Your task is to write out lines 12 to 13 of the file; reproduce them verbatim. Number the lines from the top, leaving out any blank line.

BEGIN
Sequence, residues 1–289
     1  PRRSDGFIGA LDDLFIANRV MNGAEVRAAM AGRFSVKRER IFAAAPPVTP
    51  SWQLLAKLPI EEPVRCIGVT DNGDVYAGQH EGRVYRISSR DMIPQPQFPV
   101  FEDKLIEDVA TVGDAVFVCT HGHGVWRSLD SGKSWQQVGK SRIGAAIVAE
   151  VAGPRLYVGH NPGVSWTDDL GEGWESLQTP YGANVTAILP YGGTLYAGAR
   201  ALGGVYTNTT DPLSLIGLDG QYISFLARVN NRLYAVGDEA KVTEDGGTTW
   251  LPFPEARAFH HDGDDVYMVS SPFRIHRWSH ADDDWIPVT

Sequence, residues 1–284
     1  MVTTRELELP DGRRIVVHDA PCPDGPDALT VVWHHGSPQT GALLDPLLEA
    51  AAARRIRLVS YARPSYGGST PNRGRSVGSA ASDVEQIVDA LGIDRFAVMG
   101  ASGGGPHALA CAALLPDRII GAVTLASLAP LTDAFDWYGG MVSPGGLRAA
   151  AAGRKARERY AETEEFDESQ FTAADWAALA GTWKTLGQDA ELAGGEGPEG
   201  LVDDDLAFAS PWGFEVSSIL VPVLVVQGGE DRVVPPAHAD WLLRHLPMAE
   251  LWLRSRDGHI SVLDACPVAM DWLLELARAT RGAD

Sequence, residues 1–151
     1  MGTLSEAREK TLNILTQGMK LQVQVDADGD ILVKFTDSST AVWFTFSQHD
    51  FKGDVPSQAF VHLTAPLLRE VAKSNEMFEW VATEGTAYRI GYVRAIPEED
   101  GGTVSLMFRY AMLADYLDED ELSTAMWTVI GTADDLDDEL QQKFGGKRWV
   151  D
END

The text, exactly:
   151  AAGRKARERY AETEEFDESQ FTAADWAALA GTWKTLGQDA ELAGGEGPEG
   201  LVDDDLAFAS PWGFEVSSIL VPVLVVQGGE DRVVPPAHAD WLLRHLPMAE